A Study of Immediate Requery Behavior in Search
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When search results fail to satisfy users' information needs, users often reformulate their search query in the hopes of receiving better results. In many cases, users immediately requery without clicking on any search results. In this paper, we report on a user study designed to investigate the rate at which users immediately reformulate at different levels of search quality. We had users search for answers to questions as we manipulated the placement of the only relevant document in a ranked list of search results. We show that as the quality of search results decreases, the probability of immediately requerying increases. We find that users can quickly decide to immediately reformulate, and the time to immediately reformulate appears to be independent of the quality of the search results.Finally, we show that there appears to be two types of users. One group has a high probability of immediately reformulating and the other is unlikely to immediately reformulate unless no relevant documents can be found in the search results. While requerying takes time, it is the group of users who are more likely to immediately requery that are able to able find answers to questions the fastest.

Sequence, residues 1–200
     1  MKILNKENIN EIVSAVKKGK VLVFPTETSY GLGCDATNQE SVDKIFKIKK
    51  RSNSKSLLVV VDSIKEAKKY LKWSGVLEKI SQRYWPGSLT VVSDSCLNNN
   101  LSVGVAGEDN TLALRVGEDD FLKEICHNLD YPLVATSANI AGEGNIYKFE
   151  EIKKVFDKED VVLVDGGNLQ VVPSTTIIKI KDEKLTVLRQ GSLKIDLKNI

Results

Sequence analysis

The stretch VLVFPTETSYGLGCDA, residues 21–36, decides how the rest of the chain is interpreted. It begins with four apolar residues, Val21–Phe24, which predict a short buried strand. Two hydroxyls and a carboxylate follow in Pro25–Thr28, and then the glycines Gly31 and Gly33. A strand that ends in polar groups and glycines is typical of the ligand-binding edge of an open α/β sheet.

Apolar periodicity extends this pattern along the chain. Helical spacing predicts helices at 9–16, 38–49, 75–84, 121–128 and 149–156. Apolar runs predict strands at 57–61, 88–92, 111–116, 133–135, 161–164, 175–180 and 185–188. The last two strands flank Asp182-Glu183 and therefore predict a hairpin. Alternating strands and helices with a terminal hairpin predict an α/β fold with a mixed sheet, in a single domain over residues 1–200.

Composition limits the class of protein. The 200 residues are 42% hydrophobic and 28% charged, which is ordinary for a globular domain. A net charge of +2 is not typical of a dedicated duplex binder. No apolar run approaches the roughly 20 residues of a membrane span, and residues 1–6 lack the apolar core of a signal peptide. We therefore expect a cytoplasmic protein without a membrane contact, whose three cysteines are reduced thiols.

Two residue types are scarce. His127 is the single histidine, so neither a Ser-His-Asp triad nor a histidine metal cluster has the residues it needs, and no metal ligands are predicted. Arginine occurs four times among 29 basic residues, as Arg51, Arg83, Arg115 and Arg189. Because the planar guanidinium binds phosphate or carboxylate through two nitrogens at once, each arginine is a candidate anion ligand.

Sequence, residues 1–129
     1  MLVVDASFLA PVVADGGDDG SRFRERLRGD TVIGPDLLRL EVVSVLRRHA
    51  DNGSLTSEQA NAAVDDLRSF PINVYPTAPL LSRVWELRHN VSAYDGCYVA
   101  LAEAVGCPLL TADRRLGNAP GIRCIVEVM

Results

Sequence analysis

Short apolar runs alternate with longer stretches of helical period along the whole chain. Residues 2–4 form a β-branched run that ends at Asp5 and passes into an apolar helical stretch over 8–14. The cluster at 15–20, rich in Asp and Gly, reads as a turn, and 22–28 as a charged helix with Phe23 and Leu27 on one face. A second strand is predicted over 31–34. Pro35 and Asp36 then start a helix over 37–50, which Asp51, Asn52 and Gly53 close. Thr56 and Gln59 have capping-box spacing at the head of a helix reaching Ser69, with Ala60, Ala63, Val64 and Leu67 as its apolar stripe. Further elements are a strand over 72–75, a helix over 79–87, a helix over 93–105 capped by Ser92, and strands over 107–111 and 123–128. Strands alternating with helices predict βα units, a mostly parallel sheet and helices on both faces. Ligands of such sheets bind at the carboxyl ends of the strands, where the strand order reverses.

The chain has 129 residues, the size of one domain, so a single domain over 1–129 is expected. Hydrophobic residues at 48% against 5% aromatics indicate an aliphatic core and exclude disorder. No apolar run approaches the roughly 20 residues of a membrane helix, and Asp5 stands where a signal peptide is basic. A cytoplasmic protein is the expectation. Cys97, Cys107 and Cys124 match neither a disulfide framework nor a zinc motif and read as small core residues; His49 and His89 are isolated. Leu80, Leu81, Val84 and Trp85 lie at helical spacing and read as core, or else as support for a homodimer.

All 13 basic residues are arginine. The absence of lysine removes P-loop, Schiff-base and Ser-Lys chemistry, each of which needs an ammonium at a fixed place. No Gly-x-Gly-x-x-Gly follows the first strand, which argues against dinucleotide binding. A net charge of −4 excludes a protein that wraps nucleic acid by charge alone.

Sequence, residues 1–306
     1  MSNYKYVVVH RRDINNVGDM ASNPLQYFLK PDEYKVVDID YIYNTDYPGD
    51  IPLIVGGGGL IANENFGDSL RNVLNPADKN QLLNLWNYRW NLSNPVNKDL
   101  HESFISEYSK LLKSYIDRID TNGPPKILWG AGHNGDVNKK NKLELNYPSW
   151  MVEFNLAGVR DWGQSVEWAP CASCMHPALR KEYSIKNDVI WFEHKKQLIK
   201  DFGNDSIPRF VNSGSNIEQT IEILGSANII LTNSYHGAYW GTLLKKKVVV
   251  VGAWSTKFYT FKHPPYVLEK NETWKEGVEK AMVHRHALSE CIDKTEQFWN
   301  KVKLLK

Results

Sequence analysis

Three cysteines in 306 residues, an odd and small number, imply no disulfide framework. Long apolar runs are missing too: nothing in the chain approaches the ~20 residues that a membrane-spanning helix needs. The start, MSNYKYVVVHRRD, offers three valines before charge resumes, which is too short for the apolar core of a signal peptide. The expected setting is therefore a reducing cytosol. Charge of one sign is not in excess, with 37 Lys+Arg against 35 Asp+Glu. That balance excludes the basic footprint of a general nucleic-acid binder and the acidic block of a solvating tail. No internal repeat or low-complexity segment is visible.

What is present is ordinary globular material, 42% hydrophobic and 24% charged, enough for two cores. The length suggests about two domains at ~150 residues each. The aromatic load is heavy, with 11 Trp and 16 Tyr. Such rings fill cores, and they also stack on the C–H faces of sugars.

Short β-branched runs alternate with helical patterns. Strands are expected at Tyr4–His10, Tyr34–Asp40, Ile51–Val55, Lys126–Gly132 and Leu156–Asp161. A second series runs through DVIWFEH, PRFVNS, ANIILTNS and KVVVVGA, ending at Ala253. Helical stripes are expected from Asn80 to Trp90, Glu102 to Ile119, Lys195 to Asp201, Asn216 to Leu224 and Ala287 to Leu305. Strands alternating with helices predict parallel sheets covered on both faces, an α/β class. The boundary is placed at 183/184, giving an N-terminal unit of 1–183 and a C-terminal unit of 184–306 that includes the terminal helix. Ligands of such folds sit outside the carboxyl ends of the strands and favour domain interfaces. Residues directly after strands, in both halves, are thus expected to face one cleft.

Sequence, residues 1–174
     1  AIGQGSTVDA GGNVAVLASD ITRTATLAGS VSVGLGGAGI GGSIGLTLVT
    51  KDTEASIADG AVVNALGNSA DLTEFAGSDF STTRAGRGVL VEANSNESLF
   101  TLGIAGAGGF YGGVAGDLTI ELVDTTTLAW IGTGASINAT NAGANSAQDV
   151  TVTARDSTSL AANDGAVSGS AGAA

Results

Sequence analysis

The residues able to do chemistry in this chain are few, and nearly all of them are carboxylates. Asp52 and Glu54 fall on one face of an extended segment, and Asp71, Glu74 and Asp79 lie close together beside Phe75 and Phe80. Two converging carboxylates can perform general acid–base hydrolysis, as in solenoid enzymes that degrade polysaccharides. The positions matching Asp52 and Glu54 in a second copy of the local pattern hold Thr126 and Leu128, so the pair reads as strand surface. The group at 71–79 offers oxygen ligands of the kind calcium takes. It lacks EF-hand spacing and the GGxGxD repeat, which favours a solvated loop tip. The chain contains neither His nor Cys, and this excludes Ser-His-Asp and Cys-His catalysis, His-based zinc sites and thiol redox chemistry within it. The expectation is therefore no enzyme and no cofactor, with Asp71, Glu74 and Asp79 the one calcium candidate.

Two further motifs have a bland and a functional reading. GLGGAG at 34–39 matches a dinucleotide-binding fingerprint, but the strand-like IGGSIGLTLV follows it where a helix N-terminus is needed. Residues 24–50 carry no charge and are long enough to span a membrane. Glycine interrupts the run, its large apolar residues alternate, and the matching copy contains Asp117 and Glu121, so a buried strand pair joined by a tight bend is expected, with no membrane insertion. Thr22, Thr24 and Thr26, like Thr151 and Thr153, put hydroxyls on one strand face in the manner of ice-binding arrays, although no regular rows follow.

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Haotian Zhang, Mustafa Abualsaud, Mark D. Smucker (2018). A Study of Immediate Requery Behavior in Search. UWSpace. http://hdl.handle.net/10012/13058